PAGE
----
Mitakeumi defeats Goeido – After day 12, fans who were hoping for a Mitakeumi yusho were incensed, with good cause. Even the commentators for NHK really could not line up behind the shimpan’s unexplainable call. Fans worried that Mitakeumi would lose his edge, would begin to doubt his sumo, and his winning streak would end. Well, take a look at what he did to Goeido. It was Goeido who lost his nerve as they went to the shikirisen, and had to reset. Look at Mitakeumi’s body language, his posture as he faces Goeido prior to the match. This guy has put his mental problems in a box, and put the box some place far far away. Goeido did indeed blast out of the tachiai, and he did succeed in knocking Mitakeumi back and lifting him. But look at Mitakeumi’s footwork in the split second following the tachiai. He absorbs the shock and rotates to his right. Goeido is now perilously overcommitted, and Mitakeumi’s left hand already hooking a grip. With his left hand on Goiedo’s mawashi, and his right hand on the back of Goeido’s neck, Mitakeumi has his feet firmly on clay, and swings Goeido towards the bales. Goeido recognizes he has crafted his own defeat, and we get to see the massive power of his legs come to play in an effort to slow his forward motion. But Mitakeumi follows through and forces Goeido out from behind. The home-town crowd goes wild for their favorite son as Goeido steps out. Top notch planning and execution from Mitakeumi. He played Goeido like a shamisen. At the end of the match as they go to bow. THAT LOOK! Goeido has found a new appreciation for his opponent.

Nagoya Day 13 Preview

Goeido-Mug

Goeido Gets His Chance.

The controversy around the results of day 12’s final match will likely brew for a while. I firmly believe it will have little or no effect on the eventual outcome of the basho. Mitakeumi remains the man to beat, and the only rikishi who has a credible chance is his day 13 opponent, Goeido. What makes this such a puzzle is that Goeido is the ultimate hot/cold rikishi. When he is engaged, as we saw in Aki 2016, the man is unstoppable. But time and again his sumo falls apart, and he under performs. Now we ask – which Goeido will show up day 13? My money is on Goeido 2.1. Mitakeumi will get a blistering fireball of a fight right from the tachiai, but he will battle back with skill, cunning and no small amount of luck.

While the other 3 rikishi in the hunt group have fantastic records going into day 13, any of them represent more of a random “hit or miss” chance against Mitakeumi, rather than a credible threat. But one thing to keep in mind was the puzzle from a few days ago. Ask yourself, what will be the yusho winner’s record? If it’s anything higher than 12-3, Mitakeumi is the winner. That means that mathematically, Mitakeumi only needs one more win to reach, at minimum, jun-yusho status. Quite impressive for a man who has never reached double digits from San’yaku before.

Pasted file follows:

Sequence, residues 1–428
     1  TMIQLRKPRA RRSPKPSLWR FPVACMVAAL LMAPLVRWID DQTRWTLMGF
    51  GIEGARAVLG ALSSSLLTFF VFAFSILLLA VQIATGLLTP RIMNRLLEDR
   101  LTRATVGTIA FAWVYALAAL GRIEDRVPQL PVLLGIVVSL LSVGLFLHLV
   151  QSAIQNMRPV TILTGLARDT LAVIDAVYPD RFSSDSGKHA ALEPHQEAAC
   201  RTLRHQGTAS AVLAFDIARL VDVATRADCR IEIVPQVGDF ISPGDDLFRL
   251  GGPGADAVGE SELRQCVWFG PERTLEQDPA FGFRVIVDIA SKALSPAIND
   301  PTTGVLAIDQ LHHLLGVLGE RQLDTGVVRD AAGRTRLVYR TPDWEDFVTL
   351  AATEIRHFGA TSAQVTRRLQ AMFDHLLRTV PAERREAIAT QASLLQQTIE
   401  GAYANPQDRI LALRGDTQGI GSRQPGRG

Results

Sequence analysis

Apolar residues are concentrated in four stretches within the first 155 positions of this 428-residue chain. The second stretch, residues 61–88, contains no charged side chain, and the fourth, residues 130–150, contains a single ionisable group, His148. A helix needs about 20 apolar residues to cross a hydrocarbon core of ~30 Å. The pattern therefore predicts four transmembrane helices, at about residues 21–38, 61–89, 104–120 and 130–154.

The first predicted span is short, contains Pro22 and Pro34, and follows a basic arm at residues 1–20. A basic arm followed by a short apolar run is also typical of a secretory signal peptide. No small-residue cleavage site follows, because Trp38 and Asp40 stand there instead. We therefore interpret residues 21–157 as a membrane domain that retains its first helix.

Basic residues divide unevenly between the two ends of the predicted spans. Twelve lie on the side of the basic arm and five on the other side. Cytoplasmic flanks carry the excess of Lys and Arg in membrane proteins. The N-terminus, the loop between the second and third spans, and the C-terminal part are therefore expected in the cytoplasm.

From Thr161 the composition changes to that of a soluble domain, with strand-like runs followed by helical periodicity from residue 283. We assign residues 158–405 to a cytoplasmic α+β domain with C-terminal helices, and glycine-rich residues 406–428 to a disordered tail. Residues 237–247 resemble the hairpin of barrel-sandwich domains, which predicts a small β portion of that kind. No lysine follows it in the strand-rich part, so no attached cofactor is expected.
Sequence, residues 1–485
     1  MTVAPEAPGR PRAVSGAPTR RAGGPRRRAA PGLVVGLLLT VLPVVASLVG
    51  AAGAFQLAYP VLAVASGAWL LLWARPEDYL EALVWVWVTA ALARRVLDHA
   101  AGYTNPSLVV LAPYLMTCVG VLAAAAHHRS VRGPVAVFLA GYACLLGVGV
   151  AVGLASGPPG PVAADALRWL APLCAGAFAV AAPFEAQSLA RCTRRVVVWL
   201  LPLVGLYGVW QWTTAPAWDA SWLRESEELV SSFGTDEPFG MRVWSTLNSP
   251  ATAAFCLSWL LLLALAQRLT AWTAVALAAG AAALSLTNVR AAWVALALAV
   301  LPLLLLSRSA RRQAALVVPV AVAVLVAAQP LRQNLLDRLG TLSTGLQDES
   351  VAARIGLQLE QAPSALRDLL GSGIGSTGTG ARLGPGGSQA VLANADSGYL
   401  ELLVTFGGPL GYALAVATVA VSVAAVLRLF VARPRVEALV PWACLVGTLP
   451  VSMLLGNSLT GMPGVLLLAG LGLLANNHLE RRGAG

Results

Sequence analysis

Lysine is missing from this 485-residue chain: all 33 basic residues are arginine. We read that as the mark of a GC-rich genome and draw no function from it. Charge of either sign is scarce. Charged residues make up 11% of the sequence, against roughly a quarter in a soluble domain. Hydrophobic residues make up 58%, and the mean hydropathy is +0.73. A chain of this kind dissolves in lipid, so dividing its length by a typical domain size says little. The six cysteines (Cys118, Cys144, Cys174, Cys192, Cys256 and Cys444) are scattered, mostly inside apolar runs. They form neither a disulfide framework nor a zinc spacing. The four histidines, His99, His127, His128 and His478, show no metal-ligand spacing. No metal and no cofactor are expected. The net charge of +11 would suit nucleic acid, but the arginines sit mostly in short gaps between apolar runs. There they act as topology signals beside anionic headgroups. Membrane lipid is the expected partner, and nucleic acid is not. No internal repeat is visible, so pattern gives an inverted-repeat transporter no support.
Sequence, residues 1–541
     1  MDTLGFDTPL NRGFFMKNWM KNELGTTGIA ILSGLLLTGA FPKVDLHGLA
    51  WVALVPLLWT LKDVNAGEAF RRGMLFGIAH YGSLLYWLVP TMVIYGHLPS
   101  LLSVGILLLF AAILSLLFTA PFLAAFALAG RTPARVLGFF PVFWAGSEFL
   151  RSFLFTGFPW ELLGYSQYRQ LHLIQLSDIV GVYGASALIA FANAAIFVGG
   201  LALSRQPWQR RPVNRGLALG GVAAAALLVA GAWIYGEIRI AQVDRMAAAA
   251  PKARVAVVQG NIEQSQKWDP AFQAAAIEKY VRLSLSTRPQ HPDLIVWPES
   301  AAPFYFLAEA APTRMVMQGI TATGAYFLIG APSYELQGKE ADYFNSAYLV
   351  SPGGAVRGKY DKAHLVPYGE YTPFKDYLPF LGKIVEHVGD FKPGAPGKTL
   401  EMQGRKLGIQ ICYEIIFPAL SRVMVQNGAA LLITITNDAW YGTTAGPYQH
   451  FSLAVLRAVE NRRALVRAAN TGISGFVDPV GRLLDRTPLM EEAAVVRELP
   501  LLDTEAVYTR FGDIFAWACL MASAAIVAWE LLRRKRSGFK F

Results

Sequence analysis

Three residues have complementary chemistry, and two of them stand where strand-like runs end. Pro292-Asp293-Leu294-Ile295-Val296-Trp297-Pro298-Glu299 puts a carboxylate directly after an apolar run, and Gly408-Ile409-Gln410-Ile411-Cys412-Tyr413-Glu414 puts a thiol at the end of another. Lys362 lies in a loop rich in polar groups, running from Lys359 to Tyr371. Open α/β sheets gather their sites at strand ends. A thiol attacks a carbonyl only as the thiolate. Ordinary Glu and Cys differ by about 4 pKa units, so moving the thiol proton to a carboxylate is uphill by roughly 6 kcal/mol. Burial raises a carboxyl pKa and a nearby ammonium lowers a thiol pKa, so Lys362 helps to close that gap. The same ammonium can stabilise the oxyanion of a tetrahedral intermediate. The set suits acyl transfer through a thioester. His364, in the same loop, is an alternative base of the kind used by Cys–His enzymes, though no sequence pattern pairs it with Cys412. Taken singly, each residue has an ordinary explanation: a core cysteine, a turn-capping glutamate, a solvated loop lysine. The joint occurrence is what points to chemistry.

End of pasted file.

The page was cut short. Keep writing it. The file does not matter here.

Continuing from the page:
Nagoya Leaderboard

Leader – Mitakeumi
Chasers – none
HuntersGoeido, Yutakayama, Tochiozan, Asanoyama

3 Matches Remain.

What We Are Watching Day 13

Akiseyama vs Meisei – Meisei is headed back to Juryo, and his day 13 opponent is likely failing to get promoted to Makuuchi from the Juryo 1 slot. If Akiseyama loses to Meisei, he will have locked in his make-koshi.

Kotoeko vs Onosho – Onosho needs one more win to round out his kachi-koshi. Kotoeko is now deeply into a losing record, and possibly headed towards Juryo as well.

Aoiyama vs Hokutofuji – I think this is a brilliant match, in that I think Hokutofuji needs some bigger challenges before the end of the tournament, and I think Aoiyama needs to enjoy some rough and tumble sumo for day 13. Aoiyama is looking for win #8 today, and I do dearly hope that Hokutofuji makes him work hard. Hokutofuji holds a 3-1 lead over the “Man Mountain”.

Sadanoumi vs Nishikigi – If Sadanoumi should win today, he would get kachi-koshi while giving Nishikigi his make-koshi. Now I think that Nishikigi still has a drive to win, but has been rather listless during the second week of Nagoya. Hopefully there is enough genki left to possibly “win out” and end with a kachi-koshi. Nishikigi leads the series 8-5.

Chiyomaru vs Arawashi – Chiyomaru is still looking to avoid a make-koshi, and he’s against hapless Arawashi, who just can’t seem to get his sumo together in Nagoya.

Tochiozan vs Yutakayama – Two of the hunt group go head to head, and only one will remain. It’s not an easy call as Yutakayama continues to fight really well into the second week, and Tochiozan is likely to bounce back form his day 12 loss. But clearly there will be one less person 2 wins behind Mitakeumi following this match. Yutakayama has won both of their prior matches.

Myogiryu vs Asanoyama – Asanoyama needs to win to stay in distant contention for a spot at the yusho brawl if Goeido prevails. He’s up against Myogiryu who is already kachi-koshi, but likely wants to run up the score.

Ishiura vs Kyokutaisei – A Darwin match where the loser will pick up their 8th loss. For Ishiura, this would mean a near certain demotion back to Juryo to try and work out a change to his sumo that is effective against the larger opponents in Makuuchi.

Takarafuji vs Takakeisho – I am surprised how many times Takakeisho has employed his “wave action” sumo this tournament. I would think that the rest of the rikishi would have figured it out rather quickly, but it must be a real problem when he’s hitting you in the face every 3.2 seconds. Takarafuji will try to wrap him up and shut that down, but I worry he is not genki enough to succeed. Takakeisho has won all 3 of their prior matches.